"Sweet Nancy" : The Story of the American Jazz Singer

Early Life

Nancy Sue Wilson, born February 20th, 1937, was destined for a life in music from a young age. Her mother Lillian Ryan and her father Olden Wilson would play records of singers such as Nat King Cole, Billy Eckstine, and many others which influenced and fueled her love for music.

 

Music was a huge part of her childhood, which makes a lot of sense, seeing where she ended up. Wilson was born in Chillicothe, Ohio, and was the first of her six siblings.

 

A large aspect of Wilson’s life was her religion and relationship with the church. At church, she discovered her talent and passion for singing. She known for imitating famous female singers and being exceptional for her age and lack of experience/training. Her family said that by age four, she knew that she wanted to be a singer when she grew up.

 

At fifteen, Wilson made local television for winning her school’s talent show which was sponsored by ABC. Because of her success in the contest, she was able to appear on the television show. Her appearance gave her a small leeway into the industry. Wilson went on to graduate high school early, focusing on her studies and holding side jobs. After high school, she went to Central State University for a year and ultimately dropped out after a year to pursue her aspirations.

 

Instead, she went on to audition for a spot for Rusty Bryant’s Carolyn Club Big Band and won! She toured with them for two years and during that time caught the attention of producers at Dot Records.

Career

When Wilson was starting to puruse her career, she moved to New York, the epicenter of music, in 1959. In New York, she got a full time position at club “Blue Morocco” before signing to Captiol Records in 1960. Because of her incredible talent, she was the hot topic for many record labels and it didn’t take long for her to find work/get signed.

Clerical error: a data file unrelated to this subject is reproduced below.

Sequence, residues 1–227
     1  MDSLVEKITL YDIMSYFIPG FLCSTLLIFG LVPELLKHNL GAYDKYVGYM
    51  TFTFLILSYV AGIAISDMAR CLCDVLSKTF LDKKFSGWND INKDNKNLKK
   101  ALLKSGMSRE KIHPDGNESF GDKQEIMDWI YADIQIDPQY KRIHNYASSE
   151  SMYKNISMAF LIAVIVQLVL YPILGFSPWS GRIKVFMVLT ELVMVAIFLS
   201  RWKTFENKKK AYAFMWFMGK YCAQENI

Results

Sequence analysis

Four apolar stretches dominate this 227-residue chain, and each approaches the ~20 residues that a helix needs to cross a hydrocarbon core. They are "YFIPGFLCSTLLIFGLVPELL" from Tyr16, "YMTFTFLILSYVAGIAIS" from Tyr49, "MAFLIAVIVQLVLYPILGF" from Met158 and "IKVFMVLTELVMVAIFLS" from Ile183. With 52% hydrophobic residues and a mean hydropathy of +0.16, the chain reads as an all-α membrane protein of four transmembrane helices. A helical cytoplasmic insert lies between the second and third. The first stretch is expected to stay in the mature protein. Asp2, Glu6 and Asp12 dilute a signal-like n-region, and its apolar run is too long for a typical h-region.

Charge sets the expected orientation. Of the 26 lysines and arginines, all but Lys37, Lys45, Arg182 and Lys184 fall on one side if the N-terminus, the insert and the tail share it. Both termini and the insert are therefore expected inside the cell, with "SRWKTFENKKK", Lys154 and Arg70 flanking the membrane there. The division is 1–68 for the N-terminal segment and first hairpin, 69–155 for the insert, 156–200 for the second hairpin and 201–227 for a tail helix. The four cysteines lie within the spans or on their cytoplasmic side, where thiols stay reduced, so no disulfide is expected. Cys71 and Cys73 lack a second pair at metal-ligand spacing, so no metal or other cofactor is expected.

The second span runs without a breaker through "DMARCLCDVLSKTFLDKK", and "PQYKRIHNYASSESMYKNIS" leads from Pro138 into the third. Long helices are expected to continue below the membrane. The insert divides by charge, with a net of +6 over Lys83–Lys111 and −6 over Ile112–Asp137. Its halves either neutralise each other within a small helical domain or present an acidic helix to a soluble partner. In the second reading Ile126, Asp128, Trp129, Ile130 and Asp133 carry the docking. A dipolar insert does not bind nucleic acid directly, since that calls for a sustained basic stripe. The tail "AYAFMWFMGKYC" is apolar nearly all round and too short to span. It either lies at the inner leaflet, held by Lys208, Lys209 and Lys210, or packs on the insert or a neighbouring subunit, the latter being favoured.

Her song “Guess Who I Saw Today” was an instant hit and was successful for more than two years. Because of the attention that her single attracted, Capitol Records went on to produce 5 albums of hers.  

Her first album, “Like in Love,” was heavily influenced by Rythm and Blues and showcased her talents. This was different for Wilson because her comfort genre was Pop. Her manager believed that showcasing a different style of music would boost her and show the variety and range of her talents.

 

Later, Wilson’s next four albums hit the Billboards and propelled her to nationwide recognition. One of her more well-known songs from these albums was “Save Your Love For Me.”

Many liken the turning point of her career to be when her song “Tell Me The Truth” became a hit. The attention the song received lead to her performance on the Coconut Grove, a popular nightclub in LA. She went on to have 11 songs on the Hot 100 list over a span of 8 years. (1963-1971)

 

Her success in the music industry lead her to have numerous TV appearances where she ultimately got her own series on NBC, called the “Nancy Wilson Show.” The show went on to receive an Emmy and was very popular. 

 

At the end of her career, she performed at Ohio University in 2011 to symbolize her career coming full circle. She unfortunately passed in 2018 due to a long fight with lung problems. 

Discography

Bibliography

“Nancy Wilson (jazz Singer).” 13 Nov. 2020. Web. 17 Nov. 2020. https://en.wikipedia.org/wiki/Nancy_Wilson_(jazz_singer)

Ankeny, Jason. “Nancy Wilson: Biography & History.” AllMusic. Web. 17 Nov. 2020. https://www.allmusic.com/artist/nancy-wilson-mn0000368367/biography

“Nancy Wilson.” IMDb. IMDb.com. Web. 17 Nov. 2020.https://www.imdb.com/name/nm0933897/bio

“Nancy Wilson’s Biography.” The HistoryMakers. Web. 17 Nov. 2020.https://www.thehistorymakers.org/biography/nancy-wilson-41

Farber, Jim. “Nancy Wilson, Singer Who Bridged Jazz and Pop, Is Dead at 81.” The New York Times. The New York Times, 14 Dec. 2018. Web. 17 Nov. 2020.https://www.nytimes.com/2018/12/14/obituaries/nancy-wilson-dead-jazz-singer.html

Nielsen, Euell A. Nancy Sue Wilson (1937-2018). 17 July 2019. Web. 17 Nov. 2020.https://www.blackpast.org/african-american-history/wilson-nancy-sue-1937-2018/

 

 

 

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